Iceland is the country of giants; volcanoes, Viking mythology and very good beards epitomise the island. Yet, when it comes to EA’s evaluation of the poorly-copyrighted country – big is clearly not the word…
In case you weren’t aware, FIFA is everyone’s favourite game. Period. The game has become so synonymous with football itself that you don’t even need to think twice about which FIFA we mean. It’s better known than the global governing body that provides this namesake.
Since it’s arrival in 1993 as the fresh-faced FIFA International Soccer (which for those fossils of you old enough to remember the Game Boy skill, allowed users to run away from an increasingly irate, card-brandishing referee) – the franchise has sold over 100 million copies of its various editions. It now generates revenue in excess of $650million in Ultimate Team sales alone. That makes the franchise itself worth more than just a few bob. The game has changed the face of how we watch, discuss, understand and enjoy our sport. It has been played by children and adults alike for nearly 25 years and caused the fall out of thousands of friendships. It’s a masterpiece of our time and a kingpin in the world of sport and gaming.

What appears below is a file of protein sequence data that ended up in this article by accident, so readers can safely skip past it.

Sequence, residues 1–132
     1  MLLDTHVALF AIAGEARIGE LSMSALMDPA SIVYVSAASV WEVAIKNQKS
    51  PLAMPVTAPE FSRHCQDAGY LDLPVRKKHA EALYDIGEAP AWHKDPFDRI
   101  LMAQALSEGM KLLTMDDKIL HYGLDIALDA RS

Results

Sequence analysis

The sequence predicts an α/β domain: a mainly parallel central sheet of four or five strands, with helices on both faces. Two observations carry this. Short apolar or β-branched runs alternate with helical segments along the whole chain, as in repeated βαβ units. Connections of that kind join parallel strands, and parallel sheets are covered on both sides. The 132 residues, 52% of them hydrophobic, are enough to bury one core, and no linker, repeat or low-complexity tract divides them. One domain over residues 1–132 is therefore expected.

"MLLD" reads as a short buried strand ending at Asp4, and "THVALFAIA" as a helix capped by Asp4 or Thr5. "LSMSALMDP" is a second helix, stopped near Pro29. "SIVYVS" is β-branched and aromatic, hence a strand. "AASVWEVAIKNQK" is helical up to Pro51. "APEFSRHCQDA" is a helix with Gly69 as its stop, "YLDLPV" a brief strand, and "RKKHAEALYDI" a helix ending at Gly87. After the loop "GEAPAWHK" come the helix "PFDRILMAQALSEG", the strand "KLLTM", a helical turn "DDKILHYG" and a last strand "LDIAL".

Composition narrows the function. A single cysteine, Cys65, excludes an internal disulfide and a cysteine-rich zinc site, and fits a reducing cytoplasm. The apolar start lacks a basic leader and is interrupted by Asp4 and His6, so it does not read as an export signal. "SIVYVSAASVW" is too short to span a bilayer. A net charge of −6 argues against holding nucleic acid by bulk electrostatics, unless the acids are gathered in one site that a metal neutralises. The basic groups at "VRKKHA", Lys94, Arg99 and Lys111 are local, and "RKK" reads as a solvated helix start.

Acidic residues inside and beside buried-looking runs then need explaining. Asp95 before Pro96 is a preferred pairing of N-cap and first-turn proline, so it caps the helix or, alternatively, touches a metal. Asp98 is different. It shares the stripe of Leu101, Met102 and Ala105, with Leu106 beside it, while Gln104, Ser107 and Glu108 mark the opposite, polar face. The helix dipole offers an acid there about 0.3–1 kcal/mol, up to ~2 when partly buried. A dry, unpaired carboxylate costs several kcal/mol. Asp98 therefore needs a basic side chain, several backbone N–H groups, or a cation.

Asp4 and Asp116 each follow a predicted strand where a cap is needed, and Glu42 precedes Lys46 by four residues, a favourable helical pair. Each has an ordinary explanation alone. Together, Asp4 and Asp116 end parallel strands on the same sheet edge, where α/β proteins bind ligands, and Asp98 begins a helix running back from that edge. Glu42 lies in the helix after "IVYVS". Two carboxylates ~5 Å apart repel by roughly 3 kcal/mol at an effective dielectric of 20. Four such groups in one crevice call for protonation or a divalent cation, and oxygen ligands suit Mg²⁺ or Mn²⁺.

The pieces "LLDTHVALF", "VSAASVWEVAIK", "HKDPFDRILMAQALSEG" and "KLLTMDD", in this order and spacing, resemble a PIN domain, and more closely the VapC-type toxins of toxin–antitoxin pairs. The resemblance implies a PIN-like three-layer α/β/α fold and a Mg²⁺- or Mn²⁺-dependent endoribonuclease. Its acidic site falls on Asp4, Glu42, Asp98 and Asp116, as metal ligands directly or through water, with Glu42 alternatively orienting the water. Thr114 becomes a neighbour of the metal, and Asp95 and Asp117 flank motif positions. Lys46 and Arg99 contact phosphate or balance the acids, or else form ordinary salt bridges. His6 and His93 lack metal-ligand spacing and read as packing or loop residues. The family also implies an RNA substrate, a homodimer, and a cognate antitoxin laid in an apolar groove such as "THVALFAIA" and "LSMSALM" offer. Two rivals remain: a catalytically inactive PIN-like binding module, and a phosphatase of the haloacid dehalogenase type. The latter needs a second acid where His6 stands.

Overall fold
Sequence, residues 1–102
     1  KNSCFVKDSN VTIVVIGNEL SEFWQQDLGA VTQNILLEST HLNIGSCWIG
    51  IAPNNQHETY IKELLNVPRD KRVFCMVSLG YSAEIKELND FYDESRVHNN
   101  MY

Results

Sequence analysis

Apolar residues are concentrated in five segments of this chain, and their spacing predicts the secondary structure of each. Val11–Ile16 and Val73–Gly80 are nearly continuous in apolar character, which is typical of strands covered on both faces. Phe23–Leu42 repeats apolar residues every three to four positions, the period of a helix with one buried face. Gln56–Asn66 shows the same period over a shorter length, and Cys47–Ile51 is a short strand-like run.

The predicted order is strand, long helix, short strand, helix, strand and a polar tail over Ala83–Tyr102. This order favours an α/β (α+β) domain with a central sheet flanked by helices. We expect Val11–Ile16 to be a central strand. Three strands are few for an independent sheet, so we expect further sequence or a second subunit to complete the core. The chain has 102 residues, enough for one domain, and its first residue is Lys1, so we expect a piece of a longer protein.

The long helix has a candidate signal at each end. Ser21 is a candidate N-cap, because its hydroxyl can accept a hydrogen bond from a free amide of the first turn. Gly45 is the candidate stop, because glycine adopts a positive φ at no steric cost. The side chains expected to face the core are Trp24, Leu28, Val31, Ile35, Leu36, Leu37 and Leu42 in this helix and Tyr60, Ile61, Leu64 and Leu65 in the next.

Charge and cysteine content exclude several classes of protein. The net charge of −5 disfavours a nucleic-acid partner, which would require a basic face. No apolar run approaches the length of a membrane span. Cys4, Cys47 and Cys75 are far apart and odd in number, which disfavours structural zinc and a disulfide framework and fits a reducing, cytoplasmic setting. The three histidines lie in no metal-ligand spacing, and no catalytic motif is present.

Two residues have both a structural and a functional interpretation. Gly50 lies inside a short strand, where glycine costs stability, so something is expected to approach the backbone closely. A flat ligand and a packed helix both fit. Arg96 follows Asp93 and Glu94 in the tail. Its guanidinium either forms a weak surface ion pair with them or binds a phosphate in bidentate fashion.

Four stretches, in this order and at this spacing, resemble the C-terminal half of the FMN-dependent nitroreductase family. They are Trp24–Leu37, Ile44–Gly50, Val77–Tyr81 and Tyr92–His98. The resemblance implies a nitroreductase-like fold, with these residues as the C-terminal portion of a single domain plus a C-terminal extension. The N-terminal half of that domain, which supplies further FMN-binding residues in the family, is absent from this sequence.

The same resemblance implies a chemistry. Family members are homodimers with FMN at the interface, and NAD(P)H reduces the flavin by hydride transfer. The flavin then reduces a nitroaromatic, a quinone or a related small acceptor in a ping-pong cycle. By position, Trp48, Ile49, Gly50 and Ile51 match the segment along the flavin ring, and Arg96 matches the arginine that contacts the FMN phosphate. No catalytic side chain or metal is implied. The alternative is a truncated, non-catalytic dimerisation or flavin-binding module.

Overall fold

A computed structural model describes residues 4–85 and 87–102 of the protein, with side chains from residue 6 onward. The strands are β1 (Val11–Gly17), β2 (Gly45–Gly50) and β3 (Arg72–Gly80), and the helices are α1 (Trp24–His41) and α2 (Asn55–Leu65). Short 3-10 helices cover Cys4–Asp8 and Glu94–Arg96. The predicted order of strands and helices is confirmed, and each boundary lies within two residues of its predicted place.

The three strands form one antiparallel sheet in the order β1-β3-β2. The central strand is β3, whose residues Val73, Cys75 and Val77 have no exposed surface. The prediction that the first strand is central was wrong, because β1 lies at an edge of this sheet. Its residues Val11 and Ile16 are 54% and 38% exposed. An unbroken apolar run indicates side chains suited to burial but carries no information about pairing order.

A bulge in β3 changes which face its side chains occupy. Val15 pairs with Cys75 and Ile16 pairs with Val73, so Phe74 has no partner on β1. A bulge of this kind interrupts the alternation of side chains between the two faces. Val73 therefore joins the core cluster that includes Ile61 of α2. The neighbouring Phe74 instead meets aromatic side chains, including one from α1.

— Hamez McRiguez (@Mrmcdonut81) 28 November 2014
So you can imagine Gylfi and co.’s horror when they were offered the measly sum of £13,300 in order to include Iceland as a playable country on the game. The president of KSI (the country’s FA, before you laugh) has said: “We don’t accept bad treatment… We made them a counter offer, which they did not accept.”
Even after Iceland’s infamous ‘Thunder clap’, over-animated commentators and gracing of Twitter with the opportunity for some great supermarket related banter, EA are refusing to budge on their offer. In return for an iconic nation, after an emphatic and historic Euros tournament, to present themselves as little pixelated characters for our entertainment delight – EA wouldn’t pay more than a Ford Feista now costs. Or even to rent Marcus Rashford for less than 2 days, should they ever need him.
We’re South African… this is awkward. https://t.co/FA6Dma9gI5
— Nando’s (@NandosUK) 15 June 2016
So, FIFA fans across the world: no Iceland for you. Let that sink in a minute.
It is now in fact possible, should EA fail to reach far enough into their vast pockets again and if the Icelandic pull off another miracle, that we will see the country play in the real World Cup; only not the animated one. Farcical, EA. I’m thinking boycott.
The next ethical step would be to stand in arms with our Icelandic brothers and conscientiously object to buying FIFA 17. A protest for the little guy. Though, with Marco Reus now on the cover and a whole plethora of new footballing possibilities at our fingertips, maybe not. We’ll just gawp jealously at their clapping and shouting instead then. All together now…